Thanks for your kind words! Yes, it is an amazing etude. Unlike Chopin who preferred to feature a particular element of technique in an etude, Catoire included very diverse problems of technique in this Etude-fantastique. For that reason it was a tall challenge for me, but I'm glad I persevered and recorded it.
On the 6 weeks learning time, it's quite hard to estimate, as I was practicing another piece in conjunction with the etude, thus splitting my time between the two. Toward the end, I was actually making better progress on the etude, so temporarily dropped the companion piece to focus on the etude alone. So I can't be too precise in the matter given the time allocations. The 6 weeks might be fairly accurate, but I'd feel safe using 7 weeks as the outermost estimate. I can tell you that when I practice, I am always focused, concentrating deeply, and efficient in my approaches. Because my practice time is limited, I try hard not to waste a moment of it. I was very inspired by this piece, determined to conquer it, and loved practicing it. So I surprised myself once it was ready to record. I'll probably revisit it sometime in the future, as there are some other things I'd like to try with it. No piece is ever truly finished.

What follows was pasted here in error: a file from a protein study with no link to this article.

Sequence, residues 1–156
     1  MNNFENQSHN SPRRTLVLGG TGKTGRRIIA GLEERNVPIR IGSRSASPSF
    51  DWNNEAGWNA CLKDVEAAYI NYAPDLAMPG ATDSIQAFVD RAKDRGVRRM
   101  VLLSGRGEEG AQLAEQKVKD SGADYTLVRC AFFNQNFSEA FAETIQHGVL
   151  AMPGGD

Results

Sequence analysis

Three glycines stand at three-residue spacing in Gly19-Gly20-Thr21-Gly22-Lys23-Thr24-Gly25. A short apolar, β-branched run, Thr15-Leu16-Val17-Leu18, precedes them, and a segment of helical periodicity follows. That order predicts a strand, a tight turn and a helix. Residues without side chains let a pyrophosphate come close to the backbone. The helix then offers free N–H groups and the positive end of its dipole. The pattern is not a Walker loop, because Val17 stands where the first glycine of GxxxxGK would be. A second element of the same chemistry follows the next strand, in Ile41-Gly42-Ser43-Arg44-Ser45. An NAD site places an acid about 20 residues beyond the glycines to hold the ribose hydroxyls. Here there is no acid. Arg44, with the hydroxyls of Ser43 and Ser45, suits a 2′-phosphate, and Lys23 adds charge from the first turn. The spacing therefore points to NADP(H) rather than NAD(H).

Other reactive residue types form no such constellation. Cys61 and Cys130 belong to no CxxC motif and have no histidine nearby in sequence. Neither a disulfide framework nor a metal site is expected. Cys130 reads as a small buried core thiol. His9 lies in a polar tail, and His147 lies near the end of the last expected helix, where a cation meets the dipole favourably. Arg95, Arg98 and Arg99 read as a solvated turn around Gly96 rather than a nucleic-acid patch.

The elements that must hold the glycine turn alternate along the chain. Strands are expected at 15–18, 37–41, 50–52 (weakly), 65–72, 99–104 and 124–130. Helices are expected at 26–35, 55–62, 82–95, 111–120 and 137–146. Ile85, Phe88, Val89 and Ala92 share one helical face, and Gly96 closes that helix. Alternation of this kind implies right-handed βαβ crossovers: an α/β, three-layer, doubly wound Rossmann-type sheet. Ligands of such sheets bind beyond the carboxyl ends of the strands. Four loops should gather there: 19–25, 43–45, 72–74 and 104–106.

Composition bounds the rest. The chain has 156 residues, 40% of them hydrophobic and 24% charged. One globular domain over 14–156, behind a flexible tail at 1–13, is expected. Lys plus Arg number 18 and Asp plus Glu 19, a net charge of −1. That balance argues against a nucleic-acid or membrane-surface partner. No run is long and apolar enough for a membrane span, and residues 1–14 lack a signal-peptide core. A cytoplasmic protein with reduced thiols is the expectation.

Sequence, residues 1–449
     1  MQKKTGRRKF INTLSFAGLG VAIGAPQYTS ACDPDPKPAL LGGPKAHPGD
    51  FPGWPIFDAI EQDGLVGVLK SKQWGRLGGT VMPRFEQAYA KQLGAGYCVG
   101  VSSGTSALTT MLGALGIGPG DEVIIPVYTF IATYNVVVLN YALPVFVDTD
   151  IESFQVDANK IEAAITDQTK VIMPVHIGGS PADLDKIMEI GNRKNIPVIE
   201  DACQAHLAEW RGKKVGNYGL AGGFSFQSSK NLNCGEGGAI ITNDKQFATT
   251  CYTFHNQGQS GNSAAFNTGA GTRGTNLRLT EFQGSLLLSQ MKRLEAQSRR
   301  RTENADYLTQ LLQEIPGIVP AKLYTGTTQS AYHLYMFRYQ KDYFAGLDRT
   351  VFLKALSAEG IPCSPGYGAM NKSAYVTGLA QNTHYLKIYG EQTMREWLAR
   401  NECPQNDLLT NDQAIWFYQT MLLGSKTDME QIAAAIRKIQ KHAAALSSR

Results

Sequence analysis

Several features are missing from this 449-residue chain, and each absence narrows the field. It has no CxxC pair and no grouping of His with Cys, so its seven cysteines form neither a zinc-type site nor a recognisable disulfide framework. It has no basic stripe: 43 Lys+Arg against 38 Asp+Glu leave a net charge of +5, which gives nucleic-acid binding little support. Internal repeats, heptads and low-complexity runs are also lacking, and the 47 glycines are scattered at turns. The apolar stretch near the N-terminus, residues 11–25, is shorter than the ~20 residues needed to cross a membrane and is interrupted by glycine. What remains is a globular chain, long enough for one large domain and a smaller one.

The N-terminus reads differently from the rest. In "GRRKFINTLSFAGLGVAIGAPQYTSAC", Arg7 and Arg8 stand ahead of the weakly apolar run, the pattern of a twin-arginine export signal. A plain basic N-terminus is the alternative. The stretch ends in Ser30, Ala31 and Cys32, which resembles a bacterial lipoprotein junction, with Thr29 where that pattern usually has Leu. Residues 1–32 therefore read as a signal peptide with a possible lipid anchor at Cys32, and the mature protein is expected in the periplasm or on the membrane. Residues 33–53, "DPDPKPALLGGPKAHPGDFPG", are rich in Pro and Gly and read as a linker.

I contributed most of the Bortkiewicz recordings here at Piano Society. I had good intentions of continuing on, but became fascinated with Catoire, so have been surveying that repertoire more recently. I will be revisiting Bortkiewicz for sure, and may eventually get to a few of the etudes. Yes, the Op. 15, No. 8 is so incredibly beautiful, isn't it? The Diaz video is good, but you might like the Koji Attwood video even more, plus he performs three other etudes in addition to No. 8. Link:http://www.youtube.com/watch?v=Ui5RxiKKhRo
Thanks again for listening to my recording.